In conjunction with Diabetes Awareness Month, Dr. Lindsay Bondurant, director of the Pennsylvania Ear Institute (PEI) conducted a “Diabetes & Hearing Loss” presentation at The Eye Institute (TEI) as part of the Real World Diabetes seminar series.
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Hearing loss is almost twice as common in adults with diabetes compared to those who do not have the disease, according to a study by the National Institutes of Health (NIH). Nearly 30 million people in the U.S. have diabetes, and an estimated 34.5 million have some type of hearing loss. Those are large groups of people, and it appears there is an overlap between the two.

Diabetes is a disease that affects the body’s ability to produce or use insulin effectively to control blood sugar (glucose) levels. Too much glucose in the blood for a long time can cause damage in many parts of the body. Diabetes can damage the heart, kidneys and blood vessels. It can damage small blood vessels in the ears as well.

Your ear is a delicate structure, and one that you depend on every day. So when diabetes, especially with poorly controlled blood sugar, takes its toll on the small blood vessels throughout your body, you ears are damaged, too. And, while other parts of your body can accommodate for damaged blood vessels by depending on alternative blood supplies, your ear lacks that option.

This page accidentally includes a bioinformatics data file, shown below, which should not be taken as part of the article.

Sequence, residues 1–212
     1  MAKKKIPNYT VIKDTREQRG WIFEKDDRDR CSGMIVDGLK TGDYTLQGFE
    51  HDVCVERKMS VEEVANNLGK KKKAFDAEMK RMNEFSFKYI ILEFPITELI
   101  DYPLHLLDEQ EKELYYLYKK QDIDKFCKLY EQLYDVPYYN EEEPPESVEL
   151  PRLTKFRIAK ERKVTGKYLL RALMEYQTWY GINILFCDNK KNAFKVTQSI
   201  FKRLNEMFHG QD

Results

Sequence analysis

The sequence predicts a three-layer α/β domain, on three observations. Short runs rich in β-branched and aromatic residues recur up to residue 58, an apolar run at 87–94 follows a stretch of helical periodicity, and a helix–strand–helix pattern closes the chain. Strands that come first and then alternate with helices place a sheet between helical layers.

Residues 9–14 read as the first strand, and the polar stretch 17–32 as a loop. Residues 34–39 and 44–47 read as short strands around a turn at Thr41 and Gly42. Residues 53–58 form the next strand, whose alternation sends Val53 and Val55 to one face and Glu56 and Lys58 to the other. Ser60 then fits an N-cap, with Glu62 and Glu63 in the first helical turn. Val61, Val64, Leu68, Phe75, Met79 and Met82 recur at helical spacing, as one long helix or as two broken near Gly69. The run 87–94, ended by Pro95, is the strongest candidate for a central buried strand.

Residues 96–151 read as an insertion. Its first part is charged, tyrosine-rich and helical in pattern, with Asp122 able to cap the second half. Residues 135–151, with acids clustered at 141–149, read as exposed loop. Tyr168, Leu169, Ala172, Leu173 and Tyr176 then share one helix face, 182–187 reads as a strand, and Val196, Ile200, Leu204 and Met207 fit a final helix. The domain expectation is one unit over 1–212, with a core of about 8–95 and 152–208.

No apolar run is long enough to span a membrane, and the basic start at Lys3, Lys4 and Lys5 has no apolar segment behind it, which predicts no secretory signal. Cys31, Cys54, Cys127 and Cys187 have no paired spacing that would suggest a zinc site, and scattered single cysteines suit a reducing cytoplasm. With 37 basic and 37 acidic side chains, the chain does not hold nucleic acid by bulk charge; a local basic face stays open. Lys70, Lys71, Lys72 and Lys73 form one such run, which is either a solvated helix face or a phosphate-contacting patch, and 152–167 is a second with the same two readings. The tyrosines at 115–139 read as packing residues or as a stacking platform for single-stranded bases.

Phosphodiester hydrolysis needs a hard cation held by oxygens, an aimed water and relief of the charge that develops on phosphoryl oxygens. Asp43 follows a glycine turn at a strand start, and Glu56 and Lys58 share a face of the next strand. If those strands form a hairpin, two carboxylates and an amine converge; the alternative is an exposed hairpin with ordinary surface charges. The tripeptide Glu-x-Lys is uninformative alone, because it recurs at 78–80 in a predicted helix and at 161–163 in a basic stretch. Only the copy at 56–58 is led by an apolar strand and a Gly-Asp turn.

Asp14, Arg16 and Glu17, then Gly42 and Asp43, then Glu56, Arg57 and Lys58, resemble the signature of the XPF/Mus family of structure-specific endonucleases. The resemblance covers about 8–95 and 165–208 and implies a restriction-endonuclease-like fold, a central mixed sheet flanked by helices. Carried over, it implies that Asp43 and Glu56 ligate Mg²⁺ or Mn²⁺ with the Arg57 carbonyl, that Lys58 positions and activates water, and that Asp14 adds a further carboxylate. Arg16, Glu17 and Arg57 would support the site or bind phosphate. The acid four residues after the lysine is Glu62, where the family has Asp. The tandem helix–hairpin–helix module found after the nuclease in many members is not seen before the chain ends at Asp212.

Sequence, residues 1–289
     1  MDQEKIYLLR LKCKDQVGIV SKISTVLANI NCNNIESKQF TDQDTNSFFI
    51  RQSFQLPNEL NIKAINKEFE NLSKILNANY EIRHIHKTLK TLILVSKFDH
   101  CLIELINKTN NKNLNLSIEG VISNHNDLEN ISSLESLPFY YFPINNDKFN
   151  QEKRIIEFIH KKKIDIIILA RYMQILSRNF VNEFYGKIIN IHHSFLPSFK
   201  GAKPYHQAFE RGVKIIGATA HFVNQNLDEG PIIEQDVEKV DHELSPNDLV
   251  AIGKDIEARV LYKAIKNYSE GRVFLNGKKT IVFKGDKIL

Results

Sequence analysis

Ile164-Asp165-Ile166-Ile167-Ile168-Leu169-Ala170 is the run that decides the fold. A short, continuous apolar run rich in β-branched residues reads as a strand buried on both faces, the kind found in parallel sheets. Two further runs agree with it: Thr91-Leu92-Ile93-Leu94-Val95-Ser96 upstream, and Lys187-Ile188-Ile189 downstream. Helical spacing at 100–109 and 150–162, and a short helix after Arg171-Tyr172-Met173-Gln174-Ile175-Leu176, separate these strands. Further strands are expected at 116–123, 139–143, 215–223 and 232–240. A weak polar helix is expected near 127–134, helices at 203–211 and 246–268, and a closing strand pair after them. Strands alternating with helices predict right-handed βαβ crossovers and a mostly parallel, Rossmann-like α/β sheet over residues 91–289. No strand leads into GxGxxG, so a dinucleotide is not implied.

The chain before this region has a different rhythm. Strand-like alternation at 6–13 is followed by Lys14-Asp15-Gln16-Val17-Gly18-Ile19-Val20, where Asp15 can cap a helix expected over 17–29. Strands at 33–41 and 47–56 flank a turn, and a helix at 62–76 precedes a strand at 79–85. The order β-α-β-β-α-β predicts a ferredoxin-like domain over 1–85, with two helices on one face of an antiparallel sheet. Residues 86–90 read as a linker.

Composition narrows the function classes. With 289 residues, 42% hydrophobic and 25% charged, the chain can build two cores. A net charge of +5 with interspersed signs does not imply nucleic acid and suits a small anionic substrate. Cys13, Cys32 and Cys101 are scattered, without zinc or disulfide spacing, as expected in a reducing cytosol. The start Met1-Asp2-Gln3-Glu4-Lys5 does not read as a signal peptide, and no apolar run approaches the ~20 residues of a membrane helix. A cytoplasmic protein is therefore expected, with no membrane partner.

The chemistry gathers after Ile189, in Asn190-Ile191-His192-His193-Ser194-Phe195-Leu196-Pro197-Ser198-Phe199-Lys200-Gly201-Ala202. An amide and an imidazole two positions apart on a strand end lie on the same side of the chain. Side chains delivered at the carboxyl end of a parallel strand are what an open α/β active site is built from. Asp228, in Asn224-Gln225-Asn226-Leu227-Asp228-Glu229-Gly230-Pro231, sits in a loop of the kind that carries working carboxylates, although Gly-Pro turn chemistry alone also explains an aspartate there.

Symptoms of hearing loss can come on so gradually that you may not even notice them until someone close to you points them out. As a result, if you have diabetes you may need to have your hearing checked more often.

The most important step you can take in preventing any complications from diabetes including hearing loss is to control your blood sugars. Diet, exercise, and appropriate medications all play a role in keeping your blood glucose within normal range.

Make an appointment for a comprehensive hearing exam. Just like annual eye exams, make a habit of scheduling an appointment for a routine hearing exam every year. If you notice any changes in your hearing, you should see your primary care physician who can refer you to an audiologist.

To request an appointment with the Pennsylvania Ear Institute, click here or call 215.780.3180.